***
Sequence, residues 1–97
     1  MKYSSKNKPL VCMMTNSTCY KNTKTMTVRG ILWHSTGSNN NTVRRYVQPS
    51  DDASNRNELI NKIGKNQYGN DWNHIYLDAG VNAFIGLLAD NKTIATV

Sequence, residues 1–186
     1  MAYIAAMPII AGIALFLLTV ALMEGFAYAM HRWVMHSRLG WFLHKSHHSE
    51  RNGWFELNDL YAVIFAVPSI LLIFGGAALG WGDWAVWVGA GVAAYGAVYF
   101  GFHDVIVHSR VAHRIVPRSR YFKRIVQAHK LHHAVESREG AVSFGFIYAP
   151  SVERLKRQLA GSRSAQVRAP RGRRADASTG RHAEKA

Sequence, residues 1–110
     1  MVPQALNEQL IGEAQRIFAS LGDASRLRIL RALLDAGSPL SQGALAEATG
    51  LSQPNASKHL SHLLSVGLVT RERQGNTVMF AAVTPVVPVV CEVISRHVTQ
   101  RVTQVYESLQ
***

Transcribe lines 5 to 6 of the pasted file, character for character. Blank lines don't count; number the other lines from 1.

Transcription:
     1  MAYIAAMPII AGIALFLLTV ALMEGFAYAM HRWVMHSRLG WFLHKSHHSE
    51  RNGWFELNDL YAVIFAVPSI LLIFGGAALG WGDWAVWVGA GVAAYGAVYF